Court proceedings can touch on the day-to-day lives of ordinary Americans and the minute-by-minute decisions of small businesses. Consider the case of Alamo Broadband, a small Internet service provider from San Antonio, Texas, that is challenging the Federal Communications Commission’s Open Internet Order, which established so-called “net neutrality” regulations. The U.S. Court of Appeals for the District of Columbia will soon hear arguments in the case.
In the Orwellian world of network neutrality, broadband providers such as Alamo may not facilitate speech between willing speakers and willing listeners. Instead, the FCC compels a cacophony in which all voices, no matter how offensive or useless to a consumer, are equally accessible to be equally heard.
America has millions of small businesses, practically all largely unknown. Most Americans have never heard of Alamo Broadband. Most of us never will. Yet Alamo is a small business willing to challenge the excesses of a distant, powerful federal agency attempting to limit that which all Americans hold dear—speech.
Alamo competes in a competitive market for the access to and the distribution of news, information, and entertainment. We American consumers have choices among many broadband providers for that access and distribution. They compete for our business on price and by providing better service. Better service may include faster speeds but also a service that is tailor-made to a group of customers or even an individual customer’s particular needs. A friend might prefer faster access to websites from Romania (or another country or a specific website), and certain websites might be willing to pay to send him faster access. I might have small children and prefer my home not to have access to certain types of websites. Another friend might value having free data on a wireless plan to access music downloads.
Many Internet-based services such a Uber and AirBnB thrive by matching the particularized needs of countless individual consumers with the available particularized service providers. Internet service providers could easily operate in much the same way, matching the particularized needs of a consumer with the particularized availability of that service. Each of us would prefer a service that addresses our specific needs for the access and distribution of information. Each of us would benefit from, and might be willing to pay, to have our Internet access tailored to our needs.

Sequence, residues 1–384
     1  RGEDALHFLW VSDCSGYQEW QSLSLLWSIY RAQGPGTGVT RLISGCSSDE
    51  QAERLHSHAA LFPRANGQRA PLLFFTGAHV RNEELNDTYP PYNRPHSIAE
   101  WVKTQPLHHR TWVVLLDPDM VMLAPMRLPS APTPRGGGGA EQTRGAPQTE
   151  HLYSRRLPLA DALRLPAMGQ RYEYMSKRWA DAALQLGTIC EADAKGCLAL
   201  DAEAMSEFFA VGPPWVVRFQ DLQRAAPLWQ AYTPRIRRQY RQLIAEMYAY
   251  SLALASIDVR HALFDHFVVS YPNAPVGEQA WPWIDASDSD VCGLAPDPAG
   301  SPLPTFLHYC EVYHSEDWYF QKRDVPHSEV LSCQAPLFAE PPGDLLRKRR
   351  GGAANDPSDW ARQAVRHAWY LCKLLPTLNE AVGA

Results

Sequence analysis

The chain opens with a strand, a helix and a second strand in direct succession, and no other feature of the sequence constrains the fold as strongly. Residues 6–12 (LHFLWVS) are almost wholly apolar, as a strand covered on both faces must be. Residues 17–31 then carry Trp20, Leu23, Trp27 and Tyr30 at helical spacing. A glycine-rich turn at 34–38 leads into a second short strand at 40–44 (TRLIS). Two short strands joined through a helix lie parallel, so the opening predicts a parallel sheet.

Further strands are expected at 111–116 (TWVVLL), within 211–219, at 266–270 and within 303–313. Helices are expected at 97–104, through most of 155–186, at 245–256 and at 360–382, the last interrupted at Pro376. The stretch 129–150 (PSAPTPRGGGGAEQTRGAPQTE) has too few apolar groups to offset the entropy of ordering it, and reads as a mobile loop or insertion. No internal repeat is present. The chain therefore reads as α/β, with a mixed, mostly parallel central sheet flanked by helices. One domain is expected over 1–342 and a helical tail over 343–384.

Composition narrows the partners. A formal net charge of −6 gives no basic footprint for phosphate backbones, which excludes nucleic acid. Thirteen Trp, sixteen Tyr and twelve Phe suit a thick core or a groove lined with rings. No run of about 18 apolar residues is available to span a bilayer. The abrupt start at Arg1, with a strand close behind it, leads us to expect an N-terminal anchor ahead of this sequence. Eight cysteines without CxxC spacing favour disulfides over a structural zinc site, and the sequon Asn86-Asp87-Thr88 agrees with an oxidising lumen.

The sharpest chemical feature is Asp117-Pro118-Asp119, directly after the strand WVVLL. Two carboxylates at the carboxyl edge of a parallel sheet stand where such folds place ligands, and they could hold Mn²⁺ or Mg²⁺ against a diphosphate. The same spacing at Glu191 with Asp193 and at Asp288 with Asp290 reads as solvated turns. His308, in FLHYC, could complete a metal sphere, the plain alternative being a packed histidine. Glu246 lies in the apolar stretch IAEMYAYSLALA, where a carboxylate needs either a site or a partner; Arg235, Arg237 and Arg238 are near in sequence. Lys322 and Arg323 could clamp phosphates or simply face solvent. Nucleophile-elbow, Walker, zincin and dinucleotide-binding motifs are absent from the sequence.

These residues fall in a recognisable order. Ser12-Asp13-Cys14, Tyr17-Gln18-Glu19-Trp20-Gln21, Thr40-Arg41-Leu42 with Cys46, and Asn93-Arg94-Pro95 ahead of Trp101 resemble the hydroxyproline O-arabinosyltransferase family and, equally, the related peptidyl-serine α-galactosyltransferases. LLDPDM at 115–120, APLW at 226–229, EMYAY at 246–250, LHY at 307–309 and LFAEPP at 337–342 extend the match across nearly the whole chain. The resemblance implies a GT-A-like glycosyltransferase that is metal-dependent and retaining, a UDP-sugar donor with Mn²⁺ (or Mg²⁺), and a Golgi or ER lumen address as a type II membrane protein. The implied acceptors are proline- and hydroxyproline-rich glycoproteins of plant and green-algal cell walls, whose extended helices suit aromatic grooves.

But addressing these and other specific needs of individual customers for broadband service is now unlawful for broadband providers in America.
Under the new FCC network neutrality rules, it is unlawful for a broadband provider such as Alamo to provide faster access to some websites than others, particularly if that faster access is paid for by a sponsor. It is unlawful for a broadband service provider to provide preferential access to some websites such as a particular music site and not others. It is unlawful for a broadband provider to block access to all but those websites proscribed by the government, even if I might request other websites or specific content to be blocked from entering my home.
If broadband access were a car service, the FCC would be effectively outlawing Uber and any service that is not a common carrier taxi service. In an era when the Internet has dramatically reshaped competitive service markets through new and innovative service offerings, the FCC seeks to outlaw all but those services that adhere to norms of common carriage developed a century or more ago.